Finding the right items and runes builds in LoL yields high returns at a minimal cost to players. It is an important part of the analyst’s job as finding those builds is mostly about optimisation and research.
So far, finding the right item builds has mostly been a trial and error process, focused on analytics and experience more than prediction and machine learning. Sometimes, egregiously powerful items have flown under the radar for many months (2016 Ardent Censor) or never got their time to shine despite being incredibly powerful (Essence Reaver until patch 9.2).
Marksmen builds — Damage maximisation
Marksmen are a very particular class of champions in League of Legends. As primary damage dealers, their whole itemization revolves around damage output maximisation.
At the same time, maximizing damage doesn’t mean not buying defensive stats, as dead players don’t contribute much. Marksmen always have to thread the needle between damage and survivability, with lifesteal one of the stats able to bridge the gap.
Thankfully, I have at my disposition 300 000 games where I know the final damage output of marksmen as well as their items, the champion the played, their teammates, and so on. Since we have the result on hand, why not use machine learning to try and predict damage output from as few inputs as possible?
Predicting DPS from items
My first idea was using a linear regression so I could easily access the model’s coefficients. I had the intuition that damage was highly correlated to items, and that after normalizing damage output on a few factors it would be possible to predict it decently enough only from items. I therefore started to craft a “damage metric” that was as correlated as possible to the items. I also restricted my analysis to games between 20 and 40 minutes, because games outside of this range have a high chance of being outliers.
The usual “scaled” metric used by analysts is DPS, total damage divided by game duration, but since marksmen damage doesn’t progress linearly over the course of the game it was still highly correlated to game duration. Another important factor in damage output is the result of the game, with marksmen being able to dish out much more damage in victories, especially shorter ones.
For starters, I decided to run the algorithm only with items as the input and my “dps score” as the output.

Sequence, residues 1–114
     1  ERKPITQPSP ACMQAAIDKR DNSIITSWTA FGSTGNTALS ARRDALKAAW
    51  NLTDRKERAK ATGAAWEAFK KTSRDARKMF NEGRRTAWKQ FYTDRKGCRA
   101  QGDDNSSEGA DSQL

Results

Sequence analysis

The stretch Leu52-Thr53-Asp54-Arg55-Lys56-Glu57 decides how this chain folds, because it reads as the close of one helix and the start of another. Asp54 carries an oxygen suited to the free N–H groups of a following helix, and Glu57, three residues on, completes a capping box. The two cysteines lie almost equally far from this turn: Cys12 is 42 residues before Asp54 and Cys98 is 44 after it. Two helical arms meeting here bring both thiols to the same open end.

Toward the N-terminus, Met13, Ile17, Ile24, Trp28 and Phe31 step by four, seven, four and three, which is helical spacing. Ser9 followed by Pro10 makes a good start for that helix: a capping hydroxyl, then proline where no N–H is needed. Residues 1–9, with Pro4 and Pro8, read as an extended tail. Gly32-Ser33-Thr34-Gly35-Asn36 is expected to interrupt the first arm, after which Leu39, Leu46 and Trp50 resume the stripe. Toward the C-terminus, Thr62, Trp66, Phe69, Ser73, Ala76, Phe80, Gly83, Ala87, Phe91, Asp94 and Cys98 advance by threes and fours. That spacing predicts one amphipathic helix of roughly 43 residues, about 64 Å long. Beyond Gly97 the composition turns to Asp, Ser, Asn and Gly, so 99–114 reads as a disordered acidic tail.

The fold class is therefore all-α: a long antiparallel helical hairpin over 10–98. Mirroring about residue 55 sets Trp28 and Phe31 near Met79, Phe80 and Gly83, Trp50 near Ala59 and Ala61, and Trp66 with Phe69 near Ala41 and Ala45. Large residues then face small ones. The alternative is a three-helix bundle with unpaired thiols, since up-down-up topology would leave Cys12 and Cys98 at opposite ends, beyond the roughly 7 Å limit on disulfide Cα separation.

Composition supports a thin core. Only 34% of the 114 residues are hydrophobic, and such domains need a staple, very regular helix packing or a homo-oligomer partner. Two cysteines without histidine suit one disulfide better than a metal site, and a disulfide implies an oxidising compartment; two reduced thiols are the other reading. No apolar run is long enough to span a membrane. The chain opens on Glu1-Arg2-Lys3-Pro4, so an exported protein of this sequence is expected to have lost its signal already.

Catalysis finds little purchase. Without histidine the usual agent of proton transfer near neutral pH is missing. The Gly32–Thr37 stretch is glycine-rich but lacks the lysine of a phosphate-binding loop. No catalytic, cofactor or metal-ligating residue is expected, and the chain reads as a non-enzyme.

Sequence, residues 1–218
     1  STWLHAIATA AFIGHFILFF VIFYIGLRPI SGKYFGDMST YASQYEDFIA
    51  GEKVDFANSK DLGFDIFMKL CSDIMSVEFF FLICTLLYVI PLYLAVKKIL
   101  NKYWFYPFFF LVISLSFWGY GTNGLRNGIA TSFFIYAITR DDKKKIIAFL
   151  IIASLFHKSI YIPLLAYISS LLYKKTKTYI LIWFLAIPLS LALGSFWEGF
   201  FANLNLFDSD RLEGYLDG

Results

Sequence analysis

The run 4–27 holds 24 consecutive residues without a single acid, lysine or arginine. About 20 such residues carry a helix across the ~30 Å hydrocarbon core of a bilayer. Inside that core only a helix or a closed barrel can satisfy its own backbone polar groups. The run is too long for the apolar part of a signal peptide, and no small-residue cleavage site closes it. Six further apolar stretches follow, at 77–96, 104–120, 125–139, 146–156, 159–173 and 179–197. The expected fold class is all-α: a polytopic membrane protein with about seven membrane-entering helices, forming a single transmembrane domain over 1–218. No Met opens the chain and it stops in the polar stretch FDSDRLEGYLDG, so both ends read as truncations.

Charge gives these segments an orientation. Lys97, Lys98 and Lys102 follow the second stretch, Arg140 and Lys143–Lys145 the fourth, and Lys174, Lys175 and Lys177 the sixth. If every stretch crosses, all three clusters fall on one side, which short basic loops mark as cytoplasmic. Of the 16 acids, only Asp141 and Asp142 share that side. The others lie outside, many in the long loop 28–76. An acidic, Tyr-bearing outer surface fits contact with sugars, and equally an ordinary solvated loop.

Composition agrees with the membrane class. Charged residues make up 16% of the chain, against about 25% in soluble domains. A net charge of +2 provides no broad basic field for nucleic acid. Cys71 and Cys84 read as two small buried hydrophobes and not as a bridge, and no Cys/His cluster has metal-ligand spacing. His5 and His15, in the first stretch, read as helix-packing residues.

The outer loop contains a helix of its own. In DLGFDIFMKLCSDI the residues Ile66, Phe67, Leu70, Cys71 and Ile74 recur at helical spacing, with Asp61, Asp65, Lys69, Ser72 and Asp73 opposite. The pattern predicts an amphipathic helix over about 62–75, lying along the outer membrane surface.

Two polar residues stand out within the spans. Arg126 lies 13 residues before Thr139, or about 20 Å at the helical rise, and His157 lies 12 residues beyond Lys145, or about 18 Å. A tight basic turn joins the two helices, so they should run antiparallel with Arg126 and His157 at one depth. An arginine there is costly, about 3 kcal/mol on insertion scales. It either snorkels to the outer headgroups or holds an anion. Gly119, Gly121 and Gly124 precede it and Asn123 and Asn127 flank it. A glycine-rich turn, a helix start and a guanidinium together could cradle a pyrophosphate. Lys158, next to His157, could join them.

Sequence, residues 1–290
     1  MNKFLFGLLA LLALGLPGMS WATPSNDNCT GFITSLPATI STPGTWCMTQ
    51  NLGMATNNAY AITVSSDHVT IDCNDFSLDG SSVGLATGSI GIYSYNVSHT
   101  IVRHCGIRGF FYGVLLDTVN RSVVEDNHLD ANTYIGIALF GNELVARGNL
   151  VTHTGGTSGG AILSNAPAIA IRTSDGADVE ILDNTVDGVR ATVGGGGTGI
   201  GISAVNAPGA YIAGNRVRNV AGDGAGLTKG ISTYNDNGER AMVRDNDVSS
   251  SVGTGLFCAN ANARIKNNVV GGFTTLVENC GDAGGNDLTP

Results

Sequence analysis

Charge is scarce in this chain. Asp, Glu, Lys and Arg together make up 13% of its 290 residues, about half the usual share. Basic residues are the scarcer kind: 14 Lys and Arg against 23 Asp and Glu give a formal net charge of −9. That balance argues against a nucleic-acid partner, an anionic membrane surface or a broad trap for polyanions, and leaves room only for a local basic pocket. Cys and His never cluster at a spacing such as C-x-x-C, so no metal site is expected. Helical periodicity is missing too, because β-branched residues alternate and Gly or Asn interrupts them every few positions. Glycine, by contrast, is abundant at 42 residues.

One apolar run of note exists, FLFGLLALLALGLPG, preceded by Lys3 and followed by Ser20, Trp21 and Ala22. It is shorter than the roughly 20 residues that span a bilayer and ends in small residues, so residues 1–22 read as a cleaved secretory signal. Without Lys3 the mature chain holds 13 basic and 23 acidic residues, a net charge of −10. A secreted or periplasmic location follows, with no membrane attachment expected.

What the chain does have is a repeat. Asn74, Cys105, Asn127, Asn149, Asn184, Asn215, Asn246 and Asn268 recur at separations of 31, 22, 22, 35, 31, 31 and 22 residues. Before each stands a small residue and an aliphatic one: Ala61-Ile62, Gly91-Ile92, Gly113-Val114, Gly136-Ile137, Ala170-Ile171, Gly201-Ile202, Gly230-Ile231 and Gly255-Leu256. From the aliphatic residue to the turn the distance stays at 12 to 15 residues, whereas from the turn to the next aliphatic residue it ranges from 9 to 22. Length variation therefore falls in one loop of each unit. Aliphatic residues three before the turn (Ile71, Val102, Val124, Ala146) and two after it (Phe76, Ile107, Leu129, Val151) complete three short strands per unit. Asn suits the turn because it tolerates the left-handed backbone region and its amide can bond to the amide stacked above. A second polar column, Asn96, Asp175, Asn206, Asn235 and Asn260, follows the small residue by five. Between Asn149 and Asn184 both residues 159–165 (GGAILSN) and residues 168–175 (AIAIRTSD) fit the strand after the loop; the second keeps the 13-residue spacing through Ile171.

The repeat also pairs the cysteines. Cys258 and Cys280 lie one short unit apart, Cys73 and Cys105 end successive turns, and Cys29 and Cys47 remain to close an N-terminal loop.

To not over-fit on niche items, I decided to only take into account items that appeared in more than 5% of the games and cost more than 500 gold. I represented the items with a one hot vector. I appended it with more one hot fields representing couples of items, like IE + Statikk Shiv, because I thought items synergies were a major factor in damage output for marksmen.
On another note, it took me about an hour to find the right way to index the vector, but I was pretty proud to find that the solution was, for items i and j, i*items_list_length-(i*(i+1)/2)+j. Hurray for basic maths.
So, with items_vectors and scaled_dps_scores representing our inputs and outputs, here is the code I ran, using methods from sklearn:
# Model calculation and validation
X_train, X_test, y_train, y_test = train_test_split(items_vectors, scaled_dps_scores, test_size=0.2)
lm = LinearRegression()
# Display the results vs prediction. Should be close to a diagonal.
predictions = lm.predict(X_test)
actual result (x) against predictions (y) Items coefficients histogram
As you can see, accuracy wasn’t great. At the same time, I saw there was definitely some correlation. I already took a look at those coefficients, and they were coherent with our current understanding of the game, with Infinity Edge coupled with Zeal items displaying the highest values.
As I was curious about the accuracy of my hypothesis, I decided to use a dense neural network with the same data set. Neural networks are way harder to exploit than a simple linear regression, but they’re also much more powerful at predicting the output.
Even with a neural network, my results were very similar, with only a 10% precision gain on cross_val_score. This meant that my hypothesis was too optimistic, and that I needed to feed more information to the algorithm if I wanted more precise predictions.
I therefore added the champion used as another layer of normalisation on the DPS score I crafted.